Ali Aamar, MD, Khalil Aloreidi, MD, Evangelos Tsipotis, MD, Madhavi Reddy, MD, FACG
The Brooklyn Hospital Center, Brooklyn, NY
Introduction: Hyperplasic polyposis syndrome is characterized by multiple serrated polyps in the colon. It is also known Serrated Polyposis Syndrome (SPS). Serrated polyps can be divided into hyperplastic polyps, sessile serrated polyps and traditional serrated adenomas. It is associated with up to 50 % lifetime risk of colorectal cancer. Serrated polyps can be difficult to diagnose due to their flat and sessile nature making it hard to be visualized by the endoscopist. We report a case of a young Caucasian female who presented with hematochezia and she was found to have SPS.
Case Description/Methods: A 29-year-old female presented to the clinic with hematochezia. She did not have any family history of colon cancer in her first-degree relatives. She underwent a diagnostic colonoscopy and multiple polyps were seen. A 1.5 cm flat polyp (Image 1) was seen in the ascending colon that was removed with endoscopic mucosal resection (EMR). Biopsy suggested hyperplastic polyp. A 3.5 cm flat polyp (hyperplastic) was seen in the ascending colon (Image 2) that was removed with EMR and 5 clips were placed to prevent delayed bleeding. A 5 mm flat polyp was seen in the transverse colon and a 1 cm polyp was seen in the descending colon. Patient was rescheduled for colonoscopy in 3 months to remove these polyps. On repeat colonoscopy, a 1 cm polyp (hyperplastic) was seen in the ascending colon at previous EMR site. Repeat EMR was performed to remove the polyp. An 8 mm flat polyp (hyperplastic) was seen in the ascending colon that was removed with cold snare polypectomy. A 6 mm flat polyp (tubular adenoma) was seen at the hepatic flexure that was removed with snare cautery polypectomy. A 6 mm polyp (hyperplastic) was seen in sigmoid colon that was removed with cold biopsy polypectomy.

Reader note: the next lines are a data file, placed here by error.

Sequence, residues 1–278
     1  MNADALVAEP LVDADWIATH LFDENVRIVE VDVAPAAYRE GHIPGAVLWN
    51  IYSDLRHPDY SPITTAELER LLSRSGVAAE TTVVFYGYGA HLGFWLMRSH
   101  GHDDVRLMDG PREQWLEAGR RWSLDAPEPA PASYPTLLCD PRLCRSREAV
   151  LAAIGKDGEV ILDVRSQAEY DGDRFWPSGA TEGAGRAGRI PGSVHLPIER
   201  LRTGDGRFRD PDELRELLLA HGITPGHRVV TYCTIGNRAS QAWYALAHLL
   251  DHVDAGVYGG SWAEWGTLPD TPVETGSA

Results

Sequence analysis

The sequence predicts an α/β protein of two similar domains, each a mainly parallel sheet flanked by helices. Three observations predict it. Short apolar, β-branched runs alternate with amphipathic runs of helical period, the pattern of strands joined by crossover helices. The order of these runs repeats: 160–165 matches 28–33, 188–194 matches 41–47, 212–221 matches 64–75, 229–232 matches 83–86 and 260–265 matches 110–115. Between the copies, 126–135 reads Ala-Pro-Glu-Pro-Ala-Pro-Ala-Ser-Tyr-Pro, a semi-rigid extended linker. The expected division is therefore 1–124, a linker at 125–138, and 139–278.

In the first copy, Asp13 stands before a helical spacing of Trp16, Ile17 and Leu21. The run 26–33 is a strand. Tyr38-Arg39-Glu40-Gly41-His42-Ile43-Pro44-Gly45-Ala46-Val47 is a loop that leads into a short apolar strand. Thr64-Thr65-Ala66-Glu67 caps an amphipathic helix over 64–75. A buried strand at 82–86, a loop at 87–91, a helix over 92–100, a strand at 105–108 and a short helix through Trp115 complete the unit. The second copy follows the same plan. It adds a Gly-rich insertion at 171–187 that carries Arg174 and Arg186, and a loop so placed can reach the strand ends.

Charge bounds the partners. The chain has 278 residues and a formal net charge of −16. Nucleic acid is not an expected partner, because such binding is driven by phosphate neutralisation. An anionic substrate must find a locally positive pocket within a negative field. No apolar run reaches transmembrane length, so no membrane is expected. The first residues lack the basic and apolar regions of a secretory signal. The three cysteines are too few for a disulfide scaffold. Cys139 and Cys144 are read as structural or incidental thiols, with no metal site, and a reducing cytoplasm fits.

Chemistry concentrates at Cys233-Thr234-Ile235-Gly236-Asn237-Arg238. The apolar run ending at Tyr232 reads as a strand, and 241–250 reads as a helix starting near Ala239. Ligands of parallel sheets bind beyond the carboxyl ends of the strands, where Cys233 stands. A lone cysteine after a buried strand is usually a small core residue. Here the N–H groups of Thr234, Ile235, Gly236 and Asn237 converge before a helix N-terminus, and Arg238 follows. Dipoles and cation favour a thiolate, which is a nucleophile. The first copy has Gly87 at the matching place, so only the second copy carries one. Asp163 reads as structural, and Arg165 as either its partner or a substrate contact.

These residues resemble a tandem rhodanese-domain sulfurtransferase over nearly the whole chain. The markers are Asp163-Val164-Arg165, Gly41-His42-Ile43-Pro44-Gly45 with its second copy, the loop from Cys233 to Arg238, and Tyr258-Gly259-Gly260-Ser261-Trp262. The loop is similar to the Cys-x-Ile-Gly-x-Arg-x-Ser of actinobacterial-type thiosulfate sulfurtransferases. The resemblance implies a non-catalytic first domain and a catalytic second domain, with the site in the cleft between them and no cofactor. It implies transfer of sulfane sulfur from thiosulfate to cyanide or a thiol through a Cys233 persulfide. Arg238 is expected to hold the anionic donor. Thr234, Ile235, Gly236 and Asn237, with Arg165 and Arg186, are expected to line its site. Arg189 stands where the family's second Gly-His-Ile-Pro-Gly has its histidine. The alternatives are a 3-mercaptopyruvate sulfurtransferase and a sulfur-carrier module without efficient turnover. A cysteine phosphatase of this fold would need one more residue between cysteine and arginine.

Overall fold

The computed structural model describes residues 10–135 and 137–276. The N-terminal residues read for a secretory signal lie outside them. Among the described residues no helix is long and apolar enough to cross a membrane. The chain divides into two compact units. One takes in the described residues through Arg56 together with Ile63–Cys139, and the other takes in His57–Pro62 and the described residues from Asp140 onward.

Discussion: Sessile polyposis syndrome (SPS) is defined as following: (1) At least 5 serrated lesions proximal to sigmoid colon with at least 2 polyps > 1cm in size; (2) One serrated polyp was family history of SPS; (3) > 20 serrated polyps in the entire colon. Based on current studies of SPS, some experts believe that patients should undergo regular endoscopic surveillance to prevent malignant progress of polyps removing only proximally located polyps, while others believe all polyps greater than 5 mm should be removed. First-degree relatives of patients with SPS should be screened starting at age 40 or 10 years earlier than age of presentation of SPS in the family member.
Citation: Ali Aamar, MD, Khalil Aloreidi, MD, Evangelos Tsipotis, MD, Madhavi Reddy, MD, FACG. P0155 - HEMATOCHEZIA IN A YOUNG FEMALE: AN EARLY SIGN OF SERRATED POLYPOSIS SYNDROME. Program No. P0155. ACG 2019 Annual Scientific Meeting Abstracts. San Antonio, Texas: American College of Gastroenterology.